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Jacksonville in a frenzy over Jaguars

January 7, 1997

JACKSONVILLE, Fla. (AP) _ Fred Fillah travels the country in search of hot markets for sports apparel. When 40,000 people filled the stadium at 1 a.m. to welcome the Jacksonville Jaguars, he knew he was in the right city.

``This has got people whipped up in a frenzy,″ Fillah said Tuesday as Shirt Explosion was making new designs for a T-shirt. ``It scares me to think about what would happen if they win.″

The first Jaguars’ shirt said, ``Do you believe in miracles?″ That one already sold out. The next design reads, ``We believe in miracles.″

Jacksonville in the Super Bowl? Just getting to the AFC Championship game Sunday at New England has been a miracle in itself.

Two months ago, the Jaguars were 4-7 and looked like a team one year removed from expansion. There was talk of a championship team, all right, but it was directed 75 miles to the southwest at the University of Florida.

Sure enough, the Gators won their first national championship. But in Jacksonville, which has more Florida alumni than any other city in the state, that’s already old news.

``It’s crazy. You just can’t believe it,″ said Keith Smith of Russ-Doe’s Sandwich Shop, where the walls are adorned with Gator paraphernalia. ``Ninety-nine percent of the people, the minute they walk in the door it’s either `Go Jags,′ or `How ’bout them Jags?‴

Shirts, caps, license plate frames and key rings started getting snatched up not long after Atlanta’s Morten Andersen missed a chip-shot field goal that sent the Jaguars into the playoffs.

Then came the 30-27 victory at Buffalo, followed by another surprise, a 30-27 win at Denver.

``Everything I can get my hands on goes out the door,″ said Dan Davis, manager of a Sports Authority sporting goods store. ``I’ll tell you what Jacksonville is like, it’s a zoo. If we beat the Patriots, all hell is going to break loose.″

The sale of Jaguars merchandise ranked 21st among the 30 NFL teams in March, the end of the fiscal year for NFL Properties.

``They undoubtedly will move up,″ said Roger Atkin, vice president of retail sales for NFL Properties. He noted that the Patriots moved from 22nd to 11th in 1985, their Super Bowl season.

``Obviously, there will be a big shot in the arm, depending on the success the club has in the remainder of the playoffs,″ Atkin said.

As the Jaguars’ charter plane approached Jacksonville late Saturday night, coach Tom Coughlin was told as many as 15,000 people were at the stadium. Nearly three times that many people let out a roar when their Boeing 757 tipped its left wing during a flyover of the stadium.

``I couldn’t believe it,″ said left tackle Tony Boselli. ``I mean, it was after midnight and all those people were waiting for us.″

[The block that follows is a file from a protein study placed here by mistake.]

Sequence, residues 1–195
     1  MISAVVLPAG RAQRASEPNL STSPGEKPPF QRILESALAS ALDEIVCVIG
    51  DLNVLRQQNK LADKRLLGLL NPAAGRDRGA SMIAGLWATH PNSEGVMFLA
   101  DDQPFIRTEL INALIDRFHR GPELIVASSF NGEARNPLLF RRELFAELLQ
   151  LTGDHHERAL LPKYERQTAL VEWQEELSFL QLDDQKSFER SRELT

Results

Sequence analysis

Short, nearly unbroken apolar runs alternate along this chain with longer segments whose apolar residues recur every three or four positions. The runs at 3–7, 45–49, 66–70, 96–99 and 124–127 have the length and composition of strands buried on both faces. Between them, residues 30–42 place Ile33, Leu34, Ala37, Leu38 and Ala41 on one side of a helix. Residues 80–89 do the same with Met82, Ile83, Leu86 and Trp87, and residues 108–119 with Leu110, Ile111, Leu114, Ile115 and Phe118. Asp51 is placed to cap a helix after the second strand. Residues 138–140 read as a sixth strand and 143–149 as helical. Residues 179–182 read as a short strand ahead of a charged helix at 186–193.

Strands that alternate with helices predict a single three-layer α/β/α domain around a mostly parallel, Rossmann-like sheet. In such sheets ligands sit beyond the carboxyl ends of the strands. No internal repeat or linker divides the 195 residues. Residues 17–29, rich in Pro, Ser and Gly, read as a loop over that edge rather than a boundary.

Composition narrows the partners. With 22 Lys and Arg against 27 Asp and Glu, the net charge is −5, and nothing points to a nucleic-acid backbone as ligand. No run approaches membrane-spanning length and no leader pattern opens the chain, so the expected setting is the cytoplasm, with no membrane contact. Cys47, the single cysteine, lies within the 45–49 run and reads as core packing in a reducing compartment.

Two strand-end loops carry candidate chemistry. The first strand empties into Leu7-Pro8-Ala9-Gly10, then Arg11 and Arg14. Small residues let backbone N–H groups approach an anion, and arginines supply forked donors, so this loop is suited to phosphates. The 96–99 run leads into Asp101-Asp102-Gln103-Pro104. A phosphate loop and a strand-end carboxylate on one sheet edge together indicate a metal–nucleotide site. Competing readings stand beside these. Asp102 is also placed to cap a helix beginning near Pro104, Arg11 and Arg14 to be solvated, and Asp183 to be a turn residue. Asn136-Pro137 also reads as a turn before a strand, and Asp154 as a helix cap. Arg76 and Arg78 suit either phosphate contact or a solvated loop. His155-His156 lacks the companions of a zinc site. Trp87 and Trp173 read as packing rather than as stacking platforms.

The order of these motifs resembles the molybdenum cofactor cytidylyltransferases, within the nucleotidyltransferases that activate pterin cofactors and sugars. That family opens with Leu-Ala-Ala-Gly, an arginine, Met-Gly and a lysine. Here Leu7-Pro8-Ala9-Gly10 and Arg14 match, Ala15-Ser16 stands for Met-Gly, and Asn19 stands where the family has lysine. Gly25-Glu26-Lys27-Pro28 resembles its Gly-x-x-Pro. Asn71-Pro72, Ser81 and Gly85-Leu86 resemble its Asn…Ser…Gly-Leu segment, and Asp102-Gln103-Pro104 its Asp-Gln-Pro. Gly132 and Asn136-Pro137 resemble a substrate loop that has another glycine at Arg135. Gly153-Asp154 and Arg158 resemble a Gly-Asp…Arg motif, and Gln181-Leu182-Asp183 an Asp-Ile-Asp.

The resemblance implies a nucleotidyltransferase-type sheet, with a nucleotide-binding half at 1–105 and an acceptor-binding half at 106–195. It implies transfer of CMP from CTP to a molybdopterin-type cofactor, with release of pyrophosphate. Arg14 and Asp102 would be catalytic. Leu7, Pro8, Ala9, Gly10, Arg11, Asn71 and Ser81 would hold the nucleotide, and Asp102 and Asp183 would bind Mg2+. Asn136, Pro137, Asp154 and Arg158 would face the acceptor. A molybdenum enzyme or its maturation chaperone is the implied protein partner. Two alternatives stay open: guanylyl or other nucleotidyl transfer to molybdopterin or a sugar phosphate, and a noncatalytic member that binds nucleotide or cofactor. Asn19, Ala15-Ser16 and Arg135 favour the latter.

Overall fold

Coughlin hadn’t seen that kind of celebration since 1993, when his Boston College team returned home after an upset over then-No. 1 Notre Dame.

``The same kind of electricity was in the air,″ he said.

For years, about the only thing in Jacksonville’s air was a stench from the paper mills. What once was Florida’s largest city before World War II suffered through an identity crisis as cities like Miami, Tampa and Orlando developed a niche through their culture, tourism or beaches.

Jacksonville was a blue-collar city on the St. Johns River, one of the few rivers in North America that flows north, winding 20 miles out to the Atlantic Ocean.

But football was in its blood long before the Jaguars were born. More than 50,000 people filled the old Gator Bowl when Robert Irsay was looking to relocate the Baltimore Colts. The Jacksonville Bulls were one of the top draws in the USFL before the league folded.

``Before we got this team, we were down on ourselves,″ said Ed Austin, who was mayor when Jacksonville was awarded a franchise three years ago. ``Getting this team was a very good thing for the city.″

Winning has been even better.

Three travel agencies offered one- and two-day packages to Foxboro, Mass., for Sunday’s game starting at $699. All three were sold out in a day.

``It’s been incredible. The phones have not stopped ringing,″ said Cyndi Wilkinson of Ferrell Travel and Limousine. ``The group that started going (to road games) kept getting bigger and bigger and bigger. We expected that, but it’s still overwhelming.″

Richard Brussard was among the estimated 40,000 who went to the stadium in the wee hours of the morning to meet the Jaguars. Some of them had just returned from New Orleans, where they watched Florida beat Florida State in the Sugar Bowl to win the national championship.

Most of them never dreamed of a chance to return to New Orleans for the Super Bowl.

``It’s almost too much for everybody to handle,″ Brussard said. ``Our cup runneth over.″

The city runneth wild.

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